The US says this afternoon that it has evidence that Syrian President Bashar al-Assad and his supporters have used chemical weapons against rebels fighting to oust Assad from power. The White House said that its findings will result in increased support for Syrian rebels, but it stopped short of saying that it will arm them. The next step, the White House said, is to share its findings with its allies and the United Nations.
In April, the Obama administration said that it believed Assad was using chemical weapons, including sarin gas, against rebels. But, at the time, the White House said it didn't have solid evidence of this, and it called on the UN to investigate. Since then, the US has moved forward with an investigation of its own and found over the last few weeks that "the Assad regime has used chemical weapons, including the nerve agent sarin, on a small scale against the opposition multiple times in the last year." The administration said in a statement that it has "high confidence" in its findings, which were sourced from "multiple, independent streams of information." The White House said it will provide direct support to Syrian rebels, including the Supreme Military Council. However, Ben Rhodes, a deputy national security advisor, declined in a press call to offer an inventory of what the increased support would be made up of. Yahoo's The Ticket blog has reported that US support would be geared toward "direct military purposes."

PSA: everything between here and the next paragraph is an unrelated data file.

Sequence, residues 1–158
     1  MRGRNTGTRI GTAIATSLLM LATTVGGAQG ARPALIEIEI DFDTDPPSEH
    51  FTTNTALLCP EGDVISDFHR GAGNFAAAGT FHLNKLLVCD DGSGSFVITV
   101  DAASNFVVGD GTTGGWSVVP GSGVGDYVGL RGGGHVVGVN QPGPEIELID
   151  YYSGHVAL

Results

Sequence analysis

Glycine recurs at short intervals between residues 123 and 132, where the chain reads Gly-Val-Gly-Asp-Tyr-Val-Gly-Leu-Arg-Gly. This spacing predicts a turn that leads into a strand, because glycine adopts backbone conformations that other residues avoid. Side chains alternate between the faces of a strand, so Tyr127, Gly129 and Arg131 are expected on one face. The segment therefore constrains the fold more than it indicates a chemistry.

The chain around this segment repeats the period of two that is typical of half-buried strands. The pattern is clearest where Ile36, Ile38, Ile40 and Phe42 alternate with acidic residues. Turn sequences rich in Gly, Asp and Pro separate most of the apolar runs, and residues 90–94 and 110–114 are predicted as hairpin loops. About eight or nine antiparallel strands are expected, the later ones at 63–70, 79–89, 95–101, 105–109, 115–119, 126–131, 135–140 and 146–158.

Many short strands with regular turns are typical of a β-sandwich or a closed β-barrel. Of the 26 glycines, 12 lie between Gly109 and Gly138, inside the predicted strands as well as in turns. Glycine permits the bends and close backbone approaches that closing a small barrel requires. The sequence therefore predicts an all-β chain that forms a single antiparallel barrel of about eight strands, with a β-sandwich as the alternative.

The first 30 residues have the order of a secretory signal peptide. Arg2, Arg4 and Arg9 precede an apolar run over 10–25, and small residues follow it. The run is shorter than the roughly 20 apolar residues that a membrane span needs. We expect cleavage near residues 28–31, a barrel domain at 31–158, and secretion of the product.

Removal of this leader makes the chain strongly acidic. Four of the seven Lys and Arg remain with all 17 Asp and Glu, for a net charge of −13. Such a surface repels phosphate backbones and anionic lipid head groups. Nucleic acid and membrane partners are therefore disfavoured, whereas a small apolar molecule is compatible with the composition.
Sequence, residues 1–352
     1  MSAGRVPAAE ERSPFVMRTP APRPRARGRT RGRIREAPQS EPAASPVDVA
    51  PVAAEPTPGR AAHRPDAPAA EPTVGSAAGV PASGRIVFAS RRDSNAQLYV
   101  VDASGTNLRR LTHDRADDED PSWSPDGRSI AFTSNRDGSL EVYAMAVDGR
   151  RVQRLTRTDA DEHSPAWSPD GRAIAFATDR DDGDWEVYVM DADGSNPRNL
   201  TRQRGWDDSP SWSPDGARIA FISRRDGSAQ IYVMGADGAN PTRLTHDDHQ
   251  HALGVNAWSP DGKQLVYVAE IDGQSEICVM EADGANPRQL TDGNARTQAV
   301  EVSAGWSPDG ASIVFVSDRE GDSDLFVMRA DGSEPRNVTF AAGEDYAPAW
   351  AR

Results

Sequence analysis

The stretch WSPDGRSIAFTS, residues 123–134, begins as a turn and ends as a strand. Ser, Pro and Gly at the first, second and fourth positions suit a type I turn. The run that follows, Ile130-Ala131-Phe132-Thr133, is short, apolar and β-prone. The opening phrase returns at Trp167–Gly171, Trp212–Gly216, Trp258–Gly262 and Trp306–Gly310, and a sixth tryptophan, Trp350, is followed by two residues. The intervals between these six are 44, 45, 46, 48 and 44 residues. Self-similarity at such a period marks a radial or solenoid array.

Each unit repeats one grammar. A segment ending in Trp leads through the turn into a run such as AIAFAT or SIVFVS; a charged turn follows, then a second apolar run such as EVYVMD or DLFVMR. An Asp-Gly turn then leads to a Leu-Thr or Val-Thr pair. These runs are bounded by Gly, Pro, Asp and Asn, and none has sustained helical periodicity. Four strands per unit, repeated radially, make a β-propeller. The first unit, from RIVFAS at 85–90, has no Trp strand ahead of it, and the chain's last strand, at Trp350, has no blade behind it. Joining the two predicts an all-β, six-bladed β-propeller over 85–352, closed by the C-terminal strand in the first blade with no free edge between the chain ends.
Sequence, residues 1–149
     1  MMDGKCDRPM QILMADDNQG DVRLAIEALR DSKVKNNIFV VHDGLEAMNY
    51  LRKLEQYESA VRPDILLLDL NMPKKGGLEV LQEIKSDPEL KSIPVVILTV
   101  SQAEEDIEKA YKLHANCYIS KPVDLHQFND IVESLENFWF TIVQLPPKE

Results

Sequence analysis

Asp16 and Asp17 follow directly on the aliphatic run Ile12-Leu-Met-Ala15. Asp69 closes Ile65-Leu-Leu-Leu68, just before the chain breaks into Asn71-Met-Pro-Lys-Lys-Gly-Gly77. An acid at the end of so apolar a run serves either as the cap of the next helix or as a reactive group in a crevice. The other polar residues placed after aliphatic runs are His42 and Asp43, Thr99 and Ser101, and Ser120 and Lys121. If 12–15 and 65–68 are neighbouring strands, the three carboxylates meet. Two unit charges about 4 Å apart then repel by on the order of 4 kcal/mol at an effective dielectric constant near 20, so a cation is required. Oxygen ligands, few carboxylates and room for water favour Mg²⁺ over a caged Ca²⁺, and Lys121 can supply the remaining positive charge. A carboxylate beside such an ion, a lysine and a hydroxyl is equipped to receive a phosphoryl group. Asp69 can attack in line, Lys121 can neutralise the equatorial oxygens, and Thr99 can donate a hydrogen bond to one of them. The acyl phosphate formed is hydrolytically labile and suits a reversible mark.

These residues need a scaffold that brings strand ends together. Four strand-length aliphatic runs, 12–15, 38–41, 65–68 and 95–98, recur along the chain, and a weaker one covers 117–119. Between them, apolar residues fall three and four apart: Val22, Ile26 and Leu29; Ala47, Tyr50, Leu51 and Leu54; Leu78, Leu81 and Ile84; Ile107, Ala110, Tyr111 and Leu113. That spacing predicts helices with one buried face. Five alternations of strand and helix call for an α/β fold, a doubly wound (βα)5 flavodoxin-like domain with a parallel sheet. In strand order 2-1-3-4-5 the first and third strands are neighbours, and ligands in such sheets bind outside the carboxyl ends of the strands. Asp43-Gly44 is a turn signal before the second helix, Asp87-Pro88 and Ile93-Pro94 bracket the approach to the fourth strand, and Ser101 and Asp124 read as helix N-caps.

Evidence includes physiological samples from Syrian people
The administration said that it has evidence of the planning and execution of chemical attacks which include the time, location, and means of attack. The US has also received descriptions of "physiological symptoms that are consistent with exposure to a chemical weapons agent," notably sarin. "Each positive result indicates that an individual was exposed to sarin, but it does not tell us how or where the individuals were exposed or who was responsible for the dissemination," the White House said.
90,000 dead, about 150 from chemical weapons
About 100 to 150 have died from chemical weapons attacks in Syria, the White House said, adding that its data is "likely incomplete" because of limited intelligence access in Syria. The US also said Syria has blocked UN investigators from launching "a comprehensive investigation as called for by the international community."
Overall, more than 90,000 people have died in the ongoing civil war in Syria, which leaves those killed by chemical weapons in the minority. But, "the use of chemical weapons violates international norms and crosses clear red lines that have existed within the international community for decades," the White House said. "We believe that the Assad regime maintains control of these weapons." The US also said it has found no reliable evidence that Syrian rebels have used chemical weapons. Both the British and French governments have also said publicly that they believe that Assad has used chemical weapons against rebels.